Within 24 hours of health care reform passing in Washington D.C., we had here in Florida:
Attorney General Bill McCollum, the leading Republican candidate for governor, declare that he would file a lawsuit with nine other states as soon as Tuesday and that his decision had nothing to do with any political ambitions or attempts to place conservative critics of health care reform.
"No politics involved in this whatsover,'' said McCollum during a press conference held on Monday morning. It is all about the fact that the bill is bad and unconstitutional, he said.
About six hours later, McCollum's campaign sent out a press release attacking Chief Financial Officer Alex Sink that stated "while she provides lip service on addressing the serious challenges facing our state, Alex Sink refuses to stand with the small businessmen and small businesswomen who will be harmed by the higher taxes and government mandates this legislation will bring."
The release further states: "Fortunately, Attorney Bill McCollum is leading the charge to challenge the Democrats’ unconstitutional health care plan – showing the true leadership we need for Florida’s future.”
The attack on Sink came because after months and months of refusing to say whether or not she supported Obamacare she finally put out a statement that said she was in favor of the bill headed to the president, sort of.
"Though it is certainly not perfect, these long-overdue reforms are better than Washington continuing to do nothing to improve America's health care system.'' said Sink, the main Democratic rival to McCollum for governor.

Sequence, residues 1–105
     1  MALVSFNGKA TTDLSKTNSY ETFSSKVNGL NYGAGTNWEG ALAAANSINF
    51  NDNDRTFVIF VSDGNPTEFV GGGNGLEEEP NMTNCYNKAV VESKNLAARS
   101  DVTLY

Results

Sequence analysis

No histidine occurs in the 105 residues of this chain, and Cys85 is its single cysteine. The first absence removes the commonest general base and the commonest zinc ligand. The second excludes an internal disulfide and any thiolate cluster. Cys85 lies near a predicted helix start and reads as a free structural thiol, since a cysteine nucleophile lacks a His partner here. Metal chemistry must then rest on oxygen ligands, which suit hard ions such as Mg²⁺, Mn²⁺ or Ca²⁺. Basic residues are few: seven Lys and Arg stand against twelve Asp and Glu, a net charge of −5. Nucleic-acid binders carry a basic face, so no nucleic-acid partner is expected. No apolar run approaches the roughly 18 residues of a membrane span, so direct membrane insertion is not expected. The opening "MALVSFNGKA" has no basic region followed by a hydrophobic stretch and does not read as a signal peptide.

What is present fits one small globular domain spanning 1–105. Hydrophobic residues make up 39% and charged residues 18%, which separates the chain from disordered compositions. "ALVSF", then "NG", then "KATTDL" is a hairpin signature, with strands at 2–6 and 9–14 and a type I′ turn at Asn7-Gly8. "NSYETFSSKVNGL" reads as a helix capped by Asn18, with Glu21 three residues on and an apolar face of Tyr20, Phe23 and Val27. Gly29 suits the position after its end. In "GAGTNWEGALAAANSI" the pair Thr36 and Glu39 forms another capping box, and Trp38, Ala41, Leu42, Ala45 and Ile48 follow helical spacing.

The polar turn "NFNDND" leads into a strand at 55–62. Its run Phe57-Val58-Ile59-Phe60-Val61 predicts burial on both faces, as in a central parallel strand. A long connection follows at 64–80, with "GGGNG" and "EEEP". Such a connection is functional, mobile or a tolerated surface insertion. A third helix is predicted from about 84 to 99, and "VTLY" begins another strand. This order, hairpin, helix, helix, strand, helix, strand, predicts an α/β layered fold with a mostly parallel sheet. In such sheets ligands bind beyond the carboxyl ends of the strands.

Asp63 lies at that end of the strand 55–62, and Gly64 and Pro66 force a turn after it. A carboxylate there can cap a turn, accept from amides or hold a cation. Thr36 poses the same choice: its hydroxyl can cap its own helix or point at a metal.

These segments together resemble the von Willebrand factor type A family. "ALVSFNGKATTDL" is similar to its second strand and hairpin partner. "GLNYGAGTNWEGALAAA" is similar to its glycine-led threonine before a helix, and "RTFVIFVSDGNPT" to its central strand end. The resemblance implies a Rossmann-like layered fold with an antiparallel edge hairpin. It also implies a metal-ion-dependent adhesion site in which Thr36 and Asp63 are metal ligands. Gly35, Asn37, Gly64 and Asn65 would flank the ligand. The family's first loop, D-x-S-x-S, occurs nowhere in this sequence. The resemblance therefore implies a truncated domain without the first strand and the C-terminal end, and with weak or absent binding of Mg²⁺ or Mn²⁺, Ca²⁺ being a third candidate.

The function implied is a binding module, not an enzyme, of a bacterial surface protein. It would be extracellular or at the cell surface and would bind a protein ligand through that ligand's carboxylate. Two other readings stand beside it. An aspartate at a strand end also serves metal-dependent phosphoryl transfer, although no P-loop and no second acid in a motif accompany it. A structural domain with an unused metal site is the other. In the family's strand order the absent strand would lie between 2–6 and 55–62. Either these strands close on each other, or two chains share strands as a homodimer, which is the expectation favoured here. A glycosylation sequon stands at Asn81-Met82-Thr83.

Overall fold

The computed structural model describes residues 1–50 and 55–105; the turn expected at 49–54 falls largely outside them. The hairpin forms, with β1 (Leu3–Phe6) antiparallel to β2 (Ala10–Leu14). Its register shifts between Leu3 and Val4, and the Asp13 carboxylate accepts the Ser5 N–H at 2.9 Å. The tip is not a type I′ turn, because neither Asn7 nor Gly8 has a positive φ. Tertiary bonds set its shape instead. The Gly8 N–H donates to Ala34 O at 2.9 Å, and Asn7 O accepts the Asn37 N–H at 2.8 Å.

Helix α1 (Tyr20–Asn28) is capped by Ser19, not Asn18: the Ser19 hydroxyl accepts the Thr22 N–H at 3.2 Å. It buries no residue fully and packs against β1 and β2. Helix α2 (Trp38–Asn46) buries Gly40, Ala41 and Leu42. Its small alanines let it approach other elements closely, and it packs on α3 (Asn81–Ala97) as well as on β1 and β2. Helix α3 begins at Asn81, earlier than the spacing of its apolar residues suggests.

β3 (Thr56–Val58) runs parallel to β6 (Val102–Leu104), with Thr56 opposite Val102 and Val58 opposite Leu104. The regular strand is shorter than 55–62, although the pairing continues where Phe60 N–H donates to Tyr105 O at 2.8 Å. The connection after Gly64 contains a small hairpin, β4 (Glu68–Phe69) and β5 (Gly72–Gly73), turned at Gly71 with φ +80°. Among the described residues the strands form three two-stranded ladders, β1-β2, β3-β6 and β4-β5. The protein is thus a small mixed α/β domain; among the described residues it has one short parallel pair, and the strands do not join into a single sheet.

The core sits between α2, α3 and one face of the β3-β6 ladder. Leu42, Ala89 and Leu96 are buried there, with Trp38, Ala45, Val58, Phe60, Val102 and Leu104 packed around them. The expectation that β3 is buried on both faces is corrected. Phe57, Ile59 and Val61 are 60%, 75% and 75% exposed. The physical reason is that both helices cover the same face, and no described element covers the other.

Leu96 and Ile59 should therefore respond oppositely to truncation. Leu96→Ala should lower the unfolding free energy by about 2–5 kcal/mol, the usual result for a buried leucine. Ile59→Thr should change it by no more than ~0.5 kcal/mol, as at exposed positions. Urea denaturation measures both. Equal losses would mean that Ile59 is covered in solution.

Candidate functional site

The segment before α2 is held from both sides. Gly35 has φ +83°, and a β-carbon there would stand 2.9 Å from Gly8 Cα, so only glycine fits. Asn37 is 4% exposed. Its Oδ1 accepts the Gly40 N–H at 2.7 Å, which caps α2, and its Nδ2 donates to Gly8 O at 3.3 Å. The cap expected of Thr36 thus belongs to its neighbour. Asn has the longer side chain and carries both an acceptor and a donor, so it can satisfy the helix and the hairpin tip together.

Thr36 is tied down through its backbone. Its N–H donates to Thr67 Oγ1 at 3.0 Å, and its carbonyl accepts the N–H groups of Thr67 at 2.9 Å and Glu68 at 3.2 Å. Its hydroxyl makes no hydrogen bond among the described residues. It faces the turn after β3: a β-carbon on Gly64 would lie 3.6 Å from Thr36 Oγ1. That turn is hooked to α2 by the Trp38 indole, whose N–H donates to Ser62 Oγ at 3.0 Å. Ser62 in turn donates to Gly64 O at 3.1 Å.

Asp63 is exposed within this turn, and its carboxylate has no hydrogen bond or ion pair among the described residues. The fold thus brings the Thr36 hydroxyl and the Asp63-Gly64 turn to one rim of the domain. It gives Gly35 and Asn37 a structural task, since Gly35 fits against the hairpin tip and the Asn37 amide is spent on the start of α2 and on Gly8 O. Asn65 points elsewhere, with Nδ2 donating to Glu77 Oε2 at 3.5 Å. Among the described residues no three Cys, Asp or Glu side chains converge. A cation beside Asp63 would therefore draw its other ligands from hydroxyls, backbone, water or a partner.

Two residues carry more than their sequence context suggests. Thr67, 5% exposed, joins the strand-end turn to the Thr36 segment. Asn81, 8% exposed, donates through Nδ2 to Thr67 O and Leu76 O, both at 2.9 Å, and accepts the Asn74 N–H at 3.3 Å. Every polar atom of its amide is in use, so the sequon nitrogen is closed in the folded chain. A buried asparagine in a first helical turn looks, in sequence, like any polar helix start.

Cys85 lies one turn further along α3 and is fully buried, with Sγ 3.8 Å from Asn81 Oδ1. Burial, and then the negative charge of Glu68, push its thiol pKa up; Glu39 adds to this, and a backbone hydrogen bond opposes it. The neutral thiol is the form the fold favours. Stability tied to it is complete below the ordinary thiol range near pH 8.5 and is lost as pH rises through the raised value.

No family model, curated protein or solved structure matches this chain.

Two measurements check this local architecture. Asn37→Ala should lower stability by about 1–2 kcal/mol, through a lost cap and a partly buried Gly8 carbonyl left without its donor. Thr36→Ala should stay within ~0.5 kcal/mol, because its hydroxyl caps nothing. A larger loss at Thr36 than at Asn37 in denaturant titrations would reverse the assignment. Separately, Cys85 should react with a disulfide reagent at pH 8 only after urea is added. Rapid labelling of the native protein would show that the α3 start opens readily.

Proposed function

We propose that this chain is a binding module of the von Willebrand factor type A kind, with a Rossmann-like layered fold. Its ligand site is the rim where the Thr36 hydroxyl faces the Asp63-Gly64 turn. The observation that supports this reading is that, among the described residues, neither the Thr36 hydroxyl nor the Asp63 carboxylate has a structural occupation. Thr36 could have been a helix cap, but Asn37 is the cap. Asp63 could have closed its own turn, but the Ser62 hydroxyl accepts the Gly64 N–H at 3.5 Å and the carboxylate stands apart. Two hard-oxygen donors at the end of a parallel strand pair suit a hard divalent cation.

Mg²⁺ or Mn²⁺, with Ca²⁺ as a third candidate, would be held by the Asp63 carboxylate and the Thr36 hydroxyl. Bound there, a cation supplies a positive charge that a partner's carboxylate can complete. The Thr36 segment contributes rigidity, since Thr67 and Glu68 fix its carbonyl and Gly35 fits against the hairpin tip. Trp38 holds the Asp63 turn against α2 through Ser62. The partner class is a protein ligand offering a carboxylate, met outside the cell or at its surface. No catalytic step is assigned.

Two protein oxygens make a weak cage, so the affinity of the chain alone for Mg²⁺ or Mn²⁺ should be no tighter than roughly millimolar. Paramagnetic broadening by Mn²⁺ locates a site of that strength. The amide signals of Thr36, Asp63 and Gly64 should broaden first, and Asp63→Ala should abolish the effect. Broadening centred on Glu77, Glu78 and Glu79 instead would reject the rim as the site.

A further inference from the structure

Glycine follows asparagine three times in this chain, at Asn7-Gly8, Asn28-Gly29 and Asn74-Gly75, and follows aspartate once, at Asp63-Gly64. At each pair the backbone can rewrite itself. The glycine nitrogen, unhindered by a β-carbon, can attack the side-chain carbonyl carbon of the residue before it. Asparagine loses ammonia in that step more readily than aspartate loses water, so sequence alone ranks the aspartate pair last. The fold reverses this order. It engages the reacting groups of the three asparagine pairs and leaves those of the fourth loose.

While Sink and McCollum weighed in, the Florida Legislature jumped right into the fray as well, passing not one, but two bills out of legislative committees. One bill urges McCollum to sue, while the other would put a constitutional amendment on the 2010 ballot that would say Floridians are not obligated to follow any mandates to participate in any health care systems.
"It is our duty to step up and reassert the rights of Floridians, in this case protecting our citizen’s rights and freedoms to make appropriate decisions as it relates to their own health care,”said Rep. Scott Plakon.
State House Democrats, in a bit of clever wordplay, announced that now was not the time to "secede" and that Republicans were having an outrageous display of partisanship and ignoring the fact that nearly 25 percent of adult Floridians were uninsured.
Former House Speaker Marco Rubio said he would launch a petition to repeal health care reform and chided his U.S. Senate rival Gov. Charlie Crist for not being strong enough on the issue. Crist's campaign pointed that he did in fact support repealing the measure. And if that wasn't enough, there was the release from the Rubio campaign that stated the road to health care reform started with the "Crist-Obama stimulus."
Lastly, the re-election campaign of U.S. Rep. Allen Boyd did robocalls to voters in the 2nd Congressional District trying to explain why he changed his vote from a no to a yes on health care reform.
His call touted the legislation as a way to stand up to insurance companies, while offering a tax credit to middle class families and help out with the deficit.
"For too long insurance companies have had too much power to determine patient coverage and care, premiums are out of control, and health care costs threaten our nation's fiscal future,'' Boyd declared in the phone call.
Health care reform he promised would "put a stop to insurance companies who deny care or cancel coverage when you get sick care."
He added that "I'm confident that with these reforms we will begin to control health care costs for our families and our country, reserve the right to choose your doctor and stop many of the abuses of the big insurance companies."